Don Wallace Member

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    Sorry to disagree, Martin, but I have never felt an inherent curl to any sheet film that I have used. However, I shoot only Kodak and Ilford (although I have an old box of Forte to be opened soon. Maybe it will curl).

    As for the lick text, I have to say I think this is a very bad idea. The notches are there for a reason and I can't imagine a situation where making the film wet would be preferable to checking the notches.
     
  12. yellowcat

    yellowcat Member

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    "As for the lick text, I have to say I think this is a very bad idea. The notches are there for a reason and I can't imagine a situation where making the film wet would be preferable to checking the notches."

    I agree.
    The 'lick test' would not work - sheet film usually had gelatine layer on both sides, the layer on the back holds the anti halation dye.

    Check the notches, that is why they are there.
     
  13. Martin Aislabie

    Martin Aislabie Subscriber

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    I'm with Martin Reed on this; squeeze the edges of the film a touch and the emulsion side bends inwards – useful if you only have one hand free, which is usually the case when you are loading or unloading sheets of film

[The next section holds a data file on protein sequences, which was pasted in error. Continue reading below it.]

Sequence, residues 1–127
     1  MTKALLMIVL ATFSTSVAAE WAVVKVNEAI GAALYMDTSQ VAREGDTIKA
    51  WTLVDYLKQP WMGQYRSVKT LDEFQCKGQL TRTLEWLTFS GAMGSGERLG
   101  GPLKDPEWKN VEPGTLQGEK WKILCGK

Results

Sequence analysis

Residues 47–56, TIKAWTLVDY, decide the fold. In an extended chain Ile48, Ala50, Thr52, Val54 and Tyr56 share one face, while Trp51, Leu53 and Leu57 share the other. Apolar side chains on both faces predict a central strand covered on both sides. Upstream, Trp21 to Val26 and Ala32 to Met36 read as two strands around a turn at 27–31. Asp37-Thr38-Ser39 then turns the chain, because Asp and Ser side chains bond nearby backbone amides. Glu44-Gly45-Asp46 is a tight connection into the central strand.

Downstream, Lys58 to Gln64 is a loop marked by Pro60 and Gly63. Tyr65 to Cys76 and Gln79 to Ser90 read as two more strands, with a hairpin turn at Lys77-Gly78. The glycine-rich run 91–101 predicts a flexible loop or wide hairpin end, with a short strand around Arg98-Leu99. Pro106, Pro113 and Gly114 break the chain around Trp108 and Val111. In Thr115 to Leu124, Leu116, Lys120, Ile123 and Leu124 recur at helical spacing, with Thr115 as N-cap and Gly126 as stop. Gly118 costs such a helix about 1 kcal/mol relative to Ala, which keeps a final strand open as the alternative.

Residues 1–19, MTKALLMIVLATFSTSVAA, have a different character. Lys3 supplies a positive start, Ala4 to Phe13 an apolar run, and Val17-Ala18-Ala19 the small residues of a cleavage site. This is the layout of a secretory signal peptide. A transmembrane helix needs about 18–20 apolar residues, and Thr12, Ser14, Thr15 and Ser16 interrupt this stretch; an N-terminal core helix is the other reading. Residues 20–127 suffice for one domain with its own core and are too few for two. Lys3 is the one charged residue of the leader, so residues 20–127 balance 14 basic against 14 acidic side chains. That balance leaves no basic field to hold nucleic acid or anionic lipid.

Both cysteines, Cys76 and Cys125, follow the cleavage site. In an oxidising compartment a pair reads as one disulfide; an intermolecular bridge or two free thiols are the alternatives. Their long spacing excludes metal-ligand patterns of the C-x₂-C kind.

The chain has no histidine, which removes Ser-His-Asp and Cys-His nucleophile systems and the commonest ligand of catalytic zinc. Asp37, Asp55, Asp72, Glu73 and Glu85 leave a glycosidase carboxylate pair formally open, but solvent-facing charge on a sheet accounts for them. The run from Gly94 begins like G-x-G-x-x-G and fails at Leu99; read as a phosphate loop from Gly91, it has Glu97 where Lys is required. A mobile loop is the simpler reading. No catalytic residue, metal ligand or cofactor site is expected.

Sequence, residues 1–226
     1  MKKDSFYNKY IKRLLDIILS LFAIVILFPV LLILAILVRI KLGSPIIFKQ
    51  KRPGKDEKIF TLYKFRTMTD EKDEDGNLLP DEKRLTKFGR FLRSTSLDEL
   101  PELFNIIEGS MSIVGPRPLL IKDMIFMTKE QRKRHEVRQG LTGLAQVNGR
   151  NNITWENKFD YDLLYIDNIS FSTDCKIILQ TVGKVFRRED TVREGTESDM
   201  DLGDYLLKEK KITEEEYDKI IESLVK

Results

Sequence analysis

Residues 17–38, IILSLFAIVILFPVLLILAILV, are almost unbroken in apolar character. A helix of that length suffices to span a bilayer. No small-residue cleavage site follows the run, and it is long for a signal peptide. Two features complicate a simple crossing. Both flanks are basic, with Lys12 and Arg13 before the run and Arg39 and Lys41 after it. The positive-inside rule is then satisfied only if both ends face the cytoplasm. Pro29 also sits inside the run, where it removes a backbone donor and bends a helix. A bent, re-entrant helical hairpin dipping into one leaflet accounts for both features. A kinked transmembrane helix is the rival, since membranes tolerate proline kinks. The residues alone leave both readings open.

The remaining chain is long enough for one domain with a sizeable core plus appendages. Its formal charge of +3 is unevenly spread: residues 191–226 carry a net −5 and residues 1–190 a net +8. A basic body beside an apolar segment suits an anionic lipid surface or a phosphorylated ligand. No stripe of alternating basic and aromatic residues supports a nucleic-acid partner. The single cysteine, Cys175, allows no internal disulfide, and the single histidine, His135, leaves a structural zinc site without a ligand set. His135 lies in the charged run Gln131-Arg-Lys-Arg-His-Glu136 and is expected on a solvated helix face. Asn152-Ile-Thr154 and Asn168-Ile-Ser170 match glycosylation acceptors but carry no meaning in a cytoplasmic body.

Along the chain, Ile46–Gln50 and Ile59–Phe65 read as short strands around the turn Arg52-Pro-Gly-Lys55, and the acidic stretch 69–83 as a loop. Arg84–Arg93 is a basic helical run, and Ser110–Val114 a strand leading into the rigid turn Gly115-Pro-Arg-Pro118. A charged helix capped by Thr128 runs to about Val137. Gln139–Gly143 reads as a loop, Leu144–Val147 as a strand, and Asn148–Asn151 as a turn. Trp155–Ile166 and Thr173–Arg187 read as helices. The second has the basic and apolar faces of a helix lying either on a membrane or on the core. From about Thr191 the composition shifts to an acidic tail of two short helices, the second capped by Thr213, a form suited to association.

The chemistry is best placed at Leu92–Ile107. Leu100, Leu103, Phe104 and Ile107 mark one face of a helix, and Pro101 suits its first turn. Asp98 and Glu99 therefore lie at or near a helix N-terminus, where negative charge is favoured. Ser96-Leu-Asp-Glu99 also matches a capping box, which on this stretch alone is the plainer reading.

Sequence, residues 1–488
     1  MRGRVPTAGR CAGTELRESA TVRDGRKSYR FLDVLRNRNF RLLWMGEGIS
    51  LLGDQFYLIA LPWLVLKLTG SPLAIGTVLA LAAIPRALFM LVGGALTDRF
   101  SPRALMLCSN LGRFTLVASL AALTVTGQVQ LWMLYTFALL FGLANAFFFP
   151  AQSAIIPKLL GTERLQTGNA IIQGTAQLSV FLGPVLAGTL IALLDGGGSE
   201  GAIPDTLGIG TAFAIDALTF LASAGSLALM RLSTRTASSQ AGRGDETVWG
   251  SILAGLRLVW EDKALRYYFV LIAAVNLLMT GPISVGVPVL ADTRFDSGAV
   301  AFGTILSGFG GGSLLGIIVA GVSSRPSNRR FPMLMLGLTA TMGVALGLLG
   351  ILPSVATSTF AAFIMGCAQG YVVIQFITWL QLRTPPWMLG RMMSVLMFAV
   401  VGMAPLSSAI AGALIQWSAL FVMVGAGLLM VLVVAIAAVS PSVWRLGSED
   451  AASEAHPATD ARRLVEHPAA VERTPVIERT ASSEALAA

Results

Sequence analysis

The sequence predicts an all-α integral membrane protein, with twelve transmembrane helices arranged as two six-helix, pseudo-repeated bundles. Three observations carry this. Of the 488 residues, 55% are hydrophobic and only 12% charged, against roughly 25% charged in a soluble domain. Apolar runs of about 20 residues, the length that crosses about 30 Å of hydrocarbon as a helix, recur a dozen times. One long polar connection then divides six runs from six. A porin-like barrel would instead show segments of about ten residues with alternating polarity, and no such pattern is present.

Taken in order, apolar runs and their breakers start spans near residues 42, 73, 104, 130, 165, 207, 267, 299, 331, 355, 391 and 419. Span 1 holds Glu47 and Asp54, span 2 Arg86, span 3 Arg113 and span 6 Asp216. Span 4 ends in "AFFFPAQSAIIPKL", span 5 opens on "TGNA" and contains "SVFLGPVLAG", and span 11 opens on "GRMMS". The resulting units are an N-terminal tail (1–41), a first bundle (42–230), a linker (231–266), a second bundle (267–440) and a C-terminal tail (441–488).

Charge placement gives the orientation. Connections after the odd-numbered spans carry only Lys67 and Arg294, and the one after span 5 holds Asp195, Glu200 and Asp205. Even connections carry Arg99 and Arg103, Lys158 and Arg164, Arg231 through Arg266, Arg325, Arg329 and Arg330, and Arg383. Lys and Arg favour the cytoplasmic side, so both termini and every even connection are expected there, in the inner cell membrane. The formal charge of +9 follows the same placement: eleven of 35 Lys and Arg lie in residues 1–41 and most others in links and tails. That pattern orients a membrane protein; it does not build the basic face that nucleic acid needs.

The emulsion side does feel stickier than the anti halation backing; this is detectable if your hands are even slightly sweaty

    I do agree it’s not good to hold the Film between the fingers but I can detect the variation in stickiness even when I hold the film edge-on

    Martin
     
  14. Don Wallace

    Don Wallace Member

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    I don't get this, but if you guys insist on checking film by running your fingers over it or getting it wet, so be it. I am going to stick with notches.
     
  15. Martin Reed

    Martin Reed Advertiser Advertiser

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    Well I did say last resort, and I wasn't implying licking it, just using moisture on the finger. OK one more, very dark green safelight, look for the lighter reflectance on the emulsion side. But it would be tricky finding one of the safelight filters now.

    Notches aren't always there - some people are trimming film to smaller sizes for obsolete formats, (but on the other hand they usually leave the notched corner in place).
     
  16. Mark Antony

    Mark Antony Member

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    As a darkroom tech I knew all the notches that was my first port of call, but often I'd brush my lip (not wet) against the edge of the film, you can feel the emulsion and this helps if notches are missing or hard to define.